Making the Transition from Reader to Writer
Those of us who spend a good deal of our time in make-believe worlds slide fluidly in and out of these alternate realities as easily as a fish swims through water. As readers, or job is to bring our willingness to imagine the scene the author is describing, to be open and engaged in the story, and to grant him or her license to create the characters and situations they feel compelled to share with us.
The job of writers is to entertain and enlighten, to share their perspective on any given moral or cosmic challenge, to expand our horizons and our understanding of ourselves and our fellow human beings. No pressure here. Just make it believable, likeable, challenging and satisfying. Blowing our minds is a bonus.
When a story is of otherworldly greatness, it can have the following effects on readers: make them wish with all their hearts they were capable of such an artistic feat, maybe even inspiring them to take that leap, or make them believe they are fundamentally incapable of accomplishing something so bold.
For decades, I fell into the latter camp. I remember marveling over works by writers like Wallace Stegner, Kurt Vonnegut, Isak Dinesen and Annie Proulx, thinking never in a hundred lifetimes would I be able to put words down on paper that were actually worthy of being read by others. Never.
Then something happened that turned my life upside-down. From that altered perspective, I forgot I was incapable of writing. Forgetting my self-imposed limitation was all I needed to do. Without that conviction tying my hands, I set about writing my first novel, incorporating aspects of my own life to keep it real and familiar. What I had when I finished it a year later was proof that I could in fact string sentences together, complete with a beginning, middle, twist, and end. It made my heart sing and my mind explode with possibilities. That same day, I started book two.
Being a well-trained reader, I put my own efforts through the same critical sieve I used when reading books by writers who’d managed to make it through the rigors of publishing and onto bookstores shelves. Thankfully, beating my head until the right word or phrase materialized didn’t dissuade me from going back for more. Obsessing had become a way of life. Even on the worst days of deleting most of what I’d written, it has never occurred to me to give it up. I may never achieve great status as a writer, but for me writing is its own reward, just as reading is. I’ve learned that it’s perfectly acceptable to write for the sake of it; finding like-minded readers is an extra dividend.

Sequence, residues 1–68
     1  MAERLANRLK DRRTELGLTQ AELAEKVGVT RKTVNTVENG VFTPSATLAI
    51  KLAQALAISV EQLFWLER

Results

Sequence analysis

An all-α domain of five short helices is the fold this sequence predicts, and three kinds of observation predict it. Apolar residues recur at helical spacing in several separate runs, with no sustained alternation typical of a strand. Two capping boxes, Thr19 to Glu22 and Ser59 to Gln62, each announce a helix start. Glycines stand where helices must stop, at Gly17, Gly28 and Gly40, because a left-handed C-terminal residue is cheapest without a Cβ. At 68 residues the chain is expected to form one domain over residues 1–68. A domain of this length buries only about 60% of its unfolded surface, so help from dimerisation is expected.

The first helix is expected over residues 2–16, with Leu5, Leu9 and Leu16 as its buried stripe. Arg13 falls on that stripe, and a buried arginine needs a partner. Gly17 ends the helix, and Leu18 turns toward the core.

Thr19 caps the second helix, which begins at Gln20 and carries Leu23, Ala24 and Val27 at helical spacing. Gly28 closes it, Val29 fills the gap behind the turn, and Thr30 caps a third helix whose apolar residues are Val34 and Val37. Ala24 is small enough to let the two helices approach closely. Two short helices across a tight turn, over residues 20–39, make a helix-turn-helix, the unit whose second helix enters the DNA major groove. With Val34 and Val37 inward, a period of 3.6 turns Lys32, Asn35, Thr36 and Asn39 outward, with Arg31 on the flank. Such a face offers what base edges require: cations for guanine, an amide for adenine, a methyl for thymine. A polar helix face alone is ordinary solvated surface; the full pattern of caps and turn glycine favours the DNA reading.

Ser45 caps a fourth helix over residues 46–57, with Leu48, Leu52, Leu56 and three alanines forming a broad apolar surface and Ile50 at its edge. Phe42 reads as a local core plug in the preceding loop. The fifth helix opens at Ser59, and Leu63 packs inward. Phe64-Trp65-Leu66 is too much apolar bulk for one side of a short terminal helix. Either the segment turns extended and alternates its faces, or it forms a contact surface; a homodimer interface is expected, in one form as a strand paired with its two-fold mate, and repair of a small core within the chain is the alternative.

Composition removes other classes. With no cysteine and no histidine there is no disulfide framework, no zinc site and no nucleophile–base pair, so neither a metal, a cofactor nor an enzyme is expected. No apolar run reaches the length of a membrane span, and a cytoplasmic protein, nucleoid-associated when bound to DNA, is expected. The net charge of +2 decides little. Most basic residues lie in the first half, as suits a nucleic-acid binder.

We are fortunate to be living in the digital age, for burgeoning writers no longer have to jump through publishing house hoops in order to make their works available for others to read. Thanks to eBooks, self-publishing has completely altered the reading/writing universe.
Unburdened from the publishing caprices and rigors of the past, anyone can become a published author. Talent, more than luck, is now the determining factor to success; if you can write it, you may find there is an audience out there yearning for your work. It’s given a huge segment of would-be writers the realization of a dream: finding a readership to share your unique perspective with.
And if deep-down you want to try writing but don’t feel you can until you learn the basics, the world is now brimming with authors willing to pass on their methods and their hard-won knowledge. Writing has become a community arena the same way reading has. In the end, it’s a reciprocal arrangement. Read, share, write, review. Like love, the more you give, the more you receive. So, don’t let doubt or fear hold you back. Get out there and spread the word(s)!
Cynthia Hamiltons’s titles:
Golden State, High Price to Pay, Finding Ruth, Alligators in the Trees, Once Upon a Lyme, Spouse Trap